I have a large (860 sq. ft.) attic that is uninsulated. I'm planning a project now to turn this into a TV room, so I'll need to insulate, run electrical, put up drywall, etc.

An insulation company will be insulation the roof slope behind the kneewalls, and I'll do the rest of the insulation, which will be the ceiling slope from the kneewall up to the collar ties, and the flat part of the ceiling. See attached sketch.

Code says the ceiling need to be R38. I have a plan for the slopes, which are 2x10s: fiberglass batts with 1" rigid board over it. (This won't get me up to R38 but I'm hoping it's close enough for the inspector.) But I'm not sure what I should do for the flat part of the ceiling--the collar ties are only 2x6s, so the R30 insulation won't fit within that space (it's thicker than 6"). But on the other hand, there will be plenty of space above that in the uninsulated top of the attic (which will be vented with gable vents). So can I just use those batts anyway, and have the insulation project above the collar ties? And can I lay additional batts on top to increase the R value? I don't want to come down any further into the attic living space (e.g., by adding rigid-board insulation under the drywall) because I want to maximize headroon.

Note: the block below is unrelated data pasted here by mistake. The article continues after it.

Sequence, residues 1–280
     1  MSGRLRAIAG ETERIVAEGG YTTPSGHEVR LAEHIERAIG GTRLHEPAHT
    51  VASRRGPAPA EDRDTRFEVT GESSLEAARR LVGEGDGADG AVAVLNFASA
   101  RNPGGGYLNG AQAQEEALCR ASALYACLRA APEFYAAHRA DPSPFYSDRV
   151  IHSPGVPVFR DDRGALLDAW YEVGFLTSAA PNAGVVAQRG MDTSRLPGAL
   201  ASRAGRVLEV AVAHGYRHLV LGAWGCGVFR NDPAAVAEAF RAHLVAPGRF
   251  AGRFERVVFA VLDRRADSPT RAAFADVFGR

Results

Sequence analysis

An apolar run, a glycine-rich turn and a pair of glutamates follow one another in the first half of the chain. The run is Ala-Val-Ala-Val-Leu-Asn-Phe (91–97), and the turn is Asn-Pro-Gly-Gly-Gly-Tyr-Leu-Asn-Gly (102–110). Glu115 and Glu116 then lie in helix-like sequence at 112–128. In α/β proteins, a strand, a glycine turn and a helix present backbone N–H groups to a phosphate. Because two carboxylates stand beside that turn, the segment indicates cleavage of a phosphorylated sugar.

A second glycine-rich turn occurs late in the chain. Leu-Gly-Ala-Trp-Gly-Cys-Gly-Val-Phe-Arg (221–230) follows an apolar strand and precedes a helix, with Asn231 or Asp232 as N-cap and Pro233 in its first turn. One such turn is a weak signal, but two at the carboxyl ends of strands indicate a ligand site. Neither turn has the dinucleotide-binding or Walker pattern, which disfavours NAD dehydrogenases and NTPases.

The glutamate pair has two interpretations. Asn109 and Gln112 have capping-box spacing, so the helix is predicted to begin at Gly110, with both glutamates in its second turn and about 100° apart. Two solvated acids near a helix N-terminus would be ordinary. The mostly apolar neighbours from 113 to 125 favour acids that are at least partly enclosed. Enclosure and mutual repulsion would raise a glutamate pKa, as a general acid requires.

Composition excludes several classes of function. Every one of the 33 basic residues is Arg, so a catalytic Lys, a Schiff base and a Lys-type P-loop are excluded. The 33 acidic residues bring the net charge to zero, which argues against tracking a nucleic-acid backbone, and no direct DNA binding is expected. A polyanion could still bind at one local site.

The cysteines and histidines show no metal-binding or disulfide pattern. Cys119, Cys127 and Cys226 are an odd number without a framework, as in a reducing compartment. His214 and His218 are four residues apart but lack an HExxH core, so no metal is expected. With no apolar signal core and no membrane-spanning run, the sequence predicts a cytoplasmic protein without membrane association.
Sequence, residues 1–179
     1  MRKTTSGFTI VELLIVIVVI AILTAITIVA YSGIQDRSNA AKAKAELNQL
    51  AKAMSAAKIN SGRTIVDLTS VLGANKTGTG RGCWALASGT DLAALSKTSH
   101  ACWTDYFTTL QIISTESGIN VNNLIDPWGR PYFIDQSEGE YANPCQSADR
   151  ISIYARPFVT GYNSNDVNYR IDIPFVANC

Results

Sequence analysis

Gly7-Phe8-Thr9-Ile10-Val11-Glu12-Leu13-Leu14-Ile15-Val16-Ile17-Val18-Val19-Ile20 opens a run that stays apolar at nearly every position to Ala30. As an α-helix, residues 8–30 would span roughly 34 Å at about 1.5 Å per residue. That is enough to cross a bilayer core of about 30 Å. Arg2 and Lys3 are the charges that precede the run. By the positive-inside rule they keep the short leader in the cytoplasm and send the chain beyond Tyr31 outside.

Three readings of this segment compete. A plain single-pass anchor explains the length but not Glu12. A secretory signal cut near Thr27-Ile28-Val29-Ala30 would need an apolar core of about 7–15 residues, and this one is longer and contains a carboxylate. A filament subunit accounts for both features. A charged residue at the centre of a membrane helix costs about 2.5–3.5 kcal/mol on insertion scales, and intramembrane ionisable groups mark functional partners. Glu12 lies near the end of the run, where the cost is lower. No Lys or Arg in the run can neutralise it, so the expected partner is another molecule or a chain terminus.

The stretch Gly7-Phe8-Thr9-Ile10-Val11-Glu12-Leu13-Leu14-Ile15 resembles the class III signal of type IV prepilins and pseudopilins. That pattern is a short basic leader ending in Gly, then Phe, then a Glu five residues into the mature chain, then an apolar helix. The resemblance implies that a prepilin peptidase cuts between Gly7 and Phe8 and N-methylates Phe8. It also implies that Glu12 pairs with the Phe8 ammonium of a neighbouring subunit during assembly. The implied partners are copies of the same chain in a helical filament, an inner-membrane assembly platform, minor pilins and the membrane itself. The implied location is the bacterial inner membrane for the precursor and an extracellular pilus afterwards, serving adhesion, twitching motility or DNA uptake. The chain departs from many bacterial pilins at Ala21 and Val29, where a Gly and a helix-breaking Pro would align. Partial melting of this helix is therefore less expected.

Attic insulation

  • What type of climate are you in? (hot? cold? humid? dry? snowy?) Jun 22, 2016 at 22:44
  • I'm in Western Massachusetts, which I think is zone 5.
    – jevron1984
    Jun 22, 2016 at 23:50

1 Answer 1


You can certainly put the R30 batts in between the 2x6 collar ties, but it won't result in an R30 ceiling installation, due the thermal bridging of the collar ties and the resultant gap above them between the insulation batts.

I think abetter plan might be to stuff the 6" thick insulation in between collar ties as normal, then lay another layer of 6" thick insulation batts at right angles to and on top of the first course, thereby completely insulating the collar ties and eliminating the thermal bridge.

Also, don't forget to install rafter vents on the sloped portion of the wall so that air from the soffit can flow up to your roof vents and prevent moisture damage inside the attic.


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